Statistical analysis

Descriptive statistics were used to determine the basic characteristics of the study sample. In addition, Pearson’s correlations were used to examine the bivariate relationship between independent (depression, social support) and dependent (suicidal ideation) variables to identify strengths and multicollinearity. To analyze the relative effects of independent variables on suicidal ideation, multiple regression was performed with three models (1: sociodemographic, 2: including depression, 3: including social support). Path analysis was employed to examine the mediating effect of social support on the relationship between depression and suicidal ideation. Data were analyzed using Stata version 13.

Results

Descriptive characteristics of the sample

Table 1 shows the descriptive characteristics of the sample. Participants’ average age was 75.11 years (SD = 7.85), ranging from 65 to 92 years. Of the 260 participants, 173 were female (66.5%) and 123 were married (47%). Participants’ average monthly income was $1338.8 (SD = 1058.97), ranging from $0–4500. Their average length of education was 10.7 years. Their depression scores ranged from 0 to 36 with an average of 12.6 (SD = 8.73). The average scores on social support and suicidal ideation were 4.10 (range: 0–7.36) and 7.7 (range: 0–40), respectively.

Table 1 Descriptive characteristics of the study sample (N = 260)

Correlational analysis

Using Pearson’s correlation analysis (Table 2), this study confirmed that multicollinearity was not an issue (variance inflation factors < 3.01). Participants who had experienced higher suicidal ideation were more likely to be older (r = .14, p < .05), single (r = −.19, p < .01), and have lower income (r = −.20, p < .01), lower education (r = −.14, p < .01), higher levels of depression (r = .55, p < .01), and lower levels of social support (r = .25, p < .01).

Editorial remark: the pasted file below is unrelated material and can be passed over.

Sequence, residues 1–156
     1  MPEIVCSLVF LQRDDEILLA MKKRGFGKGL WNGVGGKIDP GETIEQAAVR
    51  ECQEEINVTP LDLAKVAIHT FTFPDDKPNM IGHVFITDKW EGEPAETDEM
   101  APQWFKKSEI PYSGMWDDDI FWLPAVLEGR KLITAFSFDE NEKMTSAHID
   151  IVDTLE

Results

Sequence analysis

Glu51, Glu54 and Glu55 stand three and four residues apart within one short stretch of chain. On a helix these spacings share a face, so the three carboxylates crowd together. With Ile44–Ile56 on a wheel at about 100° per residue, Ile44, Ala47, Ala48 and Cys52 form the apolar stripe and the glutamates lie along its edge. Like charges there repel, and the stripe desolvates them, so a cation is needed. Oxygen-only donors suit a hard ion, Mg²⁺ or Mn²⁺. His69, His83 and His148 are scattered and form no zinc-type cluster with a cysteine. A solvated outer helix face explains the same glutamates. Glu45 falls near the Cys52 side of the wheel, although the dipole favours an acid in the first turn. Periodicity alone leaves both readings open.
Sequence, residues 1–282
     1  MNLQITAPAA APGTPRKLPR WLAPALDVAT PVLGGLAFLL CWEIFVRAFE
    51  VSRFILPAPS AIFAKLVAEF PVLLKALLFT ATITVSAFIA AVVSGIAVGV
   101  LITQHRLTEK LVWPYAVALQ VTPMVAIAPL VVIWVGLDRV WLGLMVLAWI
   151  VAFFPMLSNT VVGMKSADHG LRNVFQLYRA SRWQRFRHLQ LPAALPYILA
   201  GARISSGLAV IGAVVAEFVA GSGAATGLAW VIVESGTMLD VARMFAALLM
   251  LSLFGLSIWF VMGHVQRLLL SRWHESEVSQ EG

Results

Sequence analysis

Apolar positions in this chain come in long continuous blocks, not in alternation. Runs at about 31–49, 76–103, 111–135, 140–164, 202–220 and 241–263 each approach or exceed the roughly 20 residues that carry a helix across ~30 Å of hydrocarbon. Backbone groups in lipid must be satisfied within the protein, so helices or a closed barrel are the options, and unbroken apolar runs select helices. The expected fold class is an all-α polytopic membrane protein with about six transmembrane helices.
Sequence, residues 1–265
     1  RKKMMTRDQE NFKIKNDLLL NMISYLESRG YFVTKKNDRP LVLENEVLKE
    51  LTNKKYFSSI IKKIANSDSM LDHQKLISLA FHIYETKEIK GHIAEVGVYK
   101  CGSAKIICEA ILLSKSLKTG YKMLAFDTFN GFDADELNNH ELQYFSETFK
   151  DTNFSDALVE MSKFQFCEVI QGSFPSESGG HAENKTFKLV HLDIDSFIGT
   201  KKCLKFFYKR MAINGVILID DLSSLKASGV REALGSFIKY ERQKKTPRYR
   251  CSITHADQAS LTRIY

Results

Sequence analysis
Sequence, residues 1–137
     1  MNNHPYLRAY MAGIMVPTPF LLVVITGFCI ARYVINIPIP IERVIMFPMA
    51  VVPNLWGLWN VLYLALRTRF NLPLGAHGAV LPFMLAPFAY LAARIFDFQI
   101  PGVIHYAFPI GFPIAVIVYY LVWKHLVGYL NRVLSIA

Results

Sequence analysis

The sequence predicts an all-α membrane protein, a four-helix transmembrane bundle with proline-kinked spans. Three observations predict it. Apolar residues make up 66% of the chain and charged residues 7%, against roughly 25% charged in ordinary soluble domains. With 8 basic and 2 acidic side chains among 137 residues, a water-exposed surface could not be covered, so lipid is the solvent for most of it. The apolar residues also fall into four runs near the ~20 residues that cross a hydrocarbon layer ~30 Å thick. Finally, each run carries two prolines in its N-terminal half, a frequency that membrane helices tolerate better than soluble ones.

Table 2 Correlations (r) among study variables (N = 260)

Regression model for suicidal ideation

Using multiple regression analysis, three regression models were constructed (Table 3). Model 1 includes the sociodemographic variables that were entered in the first step. The first model explained 10% of the total variance. Among the variables, the association between suicidal ideation and (a) gender (β = .21, p < .01), (b) marital status (β = −.26, p < .01), (c) income (β = −.12, p < .05), and (d) education (β = −.12, p < .05) were found to be statistically significant. Participants who were male, single, and had low income and education levels were more likely to experience suicidal ideation. Model 2 (including depression scores) explained an additional 35% of the variance (β = .67, p < .00). Finally, Model 3 (including social support scores) explained an additional 6% of the variance, showing that the correlation between social support and suicidal ideation was statistically significant (β = .38, p < .05). Participants with higher levels of depression and lower levels of social support were more likely to experience suicidal ideation.

Table 3 Multiple regression models of suicidal ideation among older Koreans

Path analysis